On the anniversary of Sept. 11, 2001, it's impossible to not think of those harrowing morning hours -- all the people who lost their lives in senseless acts of violence, all the grieving family members left behind, the fear of not knowing what would come next.

We lost a lot of innocence that horrible day when thousands of people lost their lives. We still mourn for them.

But in the days, months and years to follow, we lost more. We lost our freedom.

It's natural when we are afraid to want to be protected. We want to trust that those with more power than us will keep us safe, and that they will always have our best interests at heart.

Unfortunately that has not been the case. The sadness of 9/11 has been used as an excuse to spy on innocent Americans. Eleven years later, those powers remain largely unchecked.

There is a chance to fix one piece of the puzzle. On Wednesday the House of Representatives is scheduled to vote on a five-year reauthorization of the FISA Amendments Act (FAA), the 2008 law that legalized the Bush administration’s warrantless wiretapping program and more.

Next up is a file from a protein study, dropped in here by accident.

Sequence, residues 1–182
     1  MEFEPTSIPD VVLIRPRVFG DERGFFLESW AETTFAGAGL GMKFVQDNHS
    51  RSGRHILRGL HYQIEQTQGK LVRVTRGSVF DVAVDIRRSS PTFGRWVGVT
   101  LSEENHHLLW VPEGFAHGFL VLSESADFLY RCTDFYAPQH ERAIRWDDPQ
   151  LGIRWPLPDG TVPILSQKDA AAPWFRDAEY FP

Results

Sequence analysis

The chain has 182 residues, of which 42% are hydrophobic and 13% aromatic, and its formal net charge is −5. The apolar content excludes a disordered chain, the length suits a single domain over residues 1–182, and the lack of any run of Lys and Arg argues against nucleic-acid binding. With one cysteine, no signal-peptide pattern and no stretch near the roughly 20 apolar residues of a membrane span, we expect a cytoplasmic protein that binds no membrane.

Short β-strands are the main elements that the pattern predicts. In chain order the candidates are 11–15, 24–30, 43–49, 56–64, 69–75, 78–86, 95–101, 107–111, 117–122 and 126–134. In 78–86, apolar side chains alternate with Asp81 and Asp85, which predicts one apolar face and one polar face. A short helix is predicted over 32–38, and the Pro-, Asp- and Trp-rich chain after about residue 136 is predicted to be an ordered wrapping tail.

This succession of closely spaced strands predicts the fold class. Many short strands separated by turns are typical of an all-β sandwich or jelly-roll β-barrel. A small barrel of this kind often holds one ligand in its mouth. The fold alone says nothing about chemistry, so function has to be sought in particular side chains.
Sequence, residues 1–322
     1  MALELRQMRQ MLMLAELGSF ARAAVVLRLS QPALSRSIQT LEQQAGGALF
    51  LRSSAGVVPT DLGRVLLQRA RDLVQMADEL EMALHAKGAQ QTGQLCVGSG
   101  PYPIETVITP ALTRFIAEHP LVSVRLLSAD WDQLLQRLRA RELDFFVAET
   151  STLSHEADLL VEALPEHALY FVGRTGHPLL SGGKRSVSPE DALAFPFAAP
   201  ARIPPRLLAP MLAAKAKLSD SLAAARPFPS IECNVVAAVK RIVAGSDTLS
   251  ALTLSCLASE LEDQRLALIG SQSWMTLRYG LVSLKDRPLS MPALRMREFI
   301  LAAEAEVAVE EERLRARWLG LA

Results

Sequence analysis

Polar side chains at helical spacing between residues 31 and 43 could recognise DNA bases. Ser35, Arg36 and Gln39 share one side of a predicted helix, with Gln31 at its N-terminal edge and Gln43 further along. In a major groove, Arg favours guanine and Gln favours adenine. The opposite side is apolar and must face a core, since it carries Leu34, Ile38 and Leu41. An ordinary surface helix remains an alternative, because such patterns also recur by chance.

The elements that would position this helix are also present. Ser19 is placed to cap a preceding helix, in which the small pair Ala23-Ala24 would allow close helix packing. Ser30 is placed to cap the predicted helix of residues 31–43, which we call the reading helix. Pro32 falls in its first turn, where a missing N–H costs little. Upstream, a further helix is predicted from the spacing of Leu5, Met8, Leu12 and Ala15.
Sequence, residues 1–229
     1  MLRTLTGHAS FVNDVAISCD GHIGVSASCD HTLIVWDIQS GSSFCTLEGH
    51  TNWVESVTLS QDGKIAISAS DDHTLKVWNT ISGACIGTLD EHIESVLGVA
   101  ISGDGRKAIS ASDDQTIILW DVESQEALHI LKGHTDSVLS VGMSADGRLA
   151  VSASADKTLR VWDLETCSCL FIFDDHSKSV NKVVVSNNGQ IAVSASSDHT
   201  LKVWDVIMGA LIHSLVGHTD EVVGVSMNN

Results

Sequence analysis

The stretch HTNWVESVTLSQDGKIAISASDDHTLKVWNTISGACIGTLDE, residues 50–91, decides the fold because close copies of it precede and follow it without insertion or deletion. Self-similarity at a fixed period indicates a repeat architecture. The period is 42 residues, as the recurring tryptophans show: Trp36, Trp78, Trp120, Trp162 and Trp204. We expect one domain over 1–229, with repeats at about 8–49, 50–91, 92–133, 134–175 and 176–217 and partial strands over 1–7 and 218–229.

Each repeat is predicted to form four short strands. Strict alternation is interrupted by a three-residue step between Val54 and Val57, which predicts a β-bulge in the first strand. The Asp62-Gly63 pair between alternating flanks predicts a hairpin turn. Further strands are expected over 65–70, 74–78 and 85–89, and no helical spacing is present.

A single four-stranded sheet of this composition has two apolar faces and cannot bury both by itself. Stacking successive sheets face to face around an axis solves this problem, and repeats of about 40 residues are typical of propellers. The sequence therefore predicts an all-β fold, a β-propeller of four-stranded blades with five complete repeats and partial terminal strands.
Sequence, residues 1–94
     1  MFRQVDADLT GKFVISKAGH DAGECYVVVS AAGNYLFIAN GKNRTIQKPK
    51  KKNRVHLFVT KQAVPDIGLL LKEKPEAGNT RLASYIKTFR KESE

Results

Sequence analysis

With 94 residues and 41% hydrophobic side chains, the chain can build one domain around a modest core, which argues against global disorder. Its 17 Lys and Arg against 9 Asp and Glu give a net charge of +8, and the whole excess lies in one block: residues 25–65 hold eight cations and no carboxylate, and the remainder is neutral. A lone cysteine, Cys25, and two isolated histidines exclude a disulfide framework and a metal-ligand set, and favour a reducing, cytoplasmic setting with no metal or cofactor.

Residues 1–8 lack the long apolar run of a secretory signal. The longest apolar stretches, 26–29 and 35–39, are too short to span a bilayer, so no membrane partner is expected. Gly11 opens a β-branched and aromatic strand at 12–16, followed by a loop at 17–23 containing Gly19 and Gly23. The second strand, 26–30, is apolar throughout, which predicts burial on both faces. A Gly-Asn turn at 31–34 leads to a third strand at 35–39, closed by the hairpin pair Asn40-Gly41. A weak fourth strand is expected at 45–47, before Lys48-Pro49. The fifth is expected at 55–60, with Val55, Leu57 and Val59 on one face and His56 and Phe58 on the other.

FISA permits the government to get year-long orders from the secret Foreign Intelligence Surveillance Act (FISA) court to conduct dragnet surveillance of Americans’ international communications—including phone calls, emails, and internet records—for the purpose of collecting foreign intelligence.  The orders need not specify who is going to be spied on or even allege that the targets did anything wrong.

To this day, members of the public, and even most members of Congress, know little about the program, who it is targeting and the information that is collected.

Shouldn't they demand that information before they rubber-stamp the act for another five years?

Tell your member of Congress to fix FISA.

Every member of the House should demand:

•    Copies of FISA court opinions interpreting our Fourth Amendment rights under the FAA, with redactions to protect sensitive information (the Department of Justice can write summaries of law if necessary);
•    A rough estimate of how many Americans are surveilled under the FAA every year;
•    A description of the rules that govern how American information picked up by FAA surveillance is protected.


We can keep America safe and free.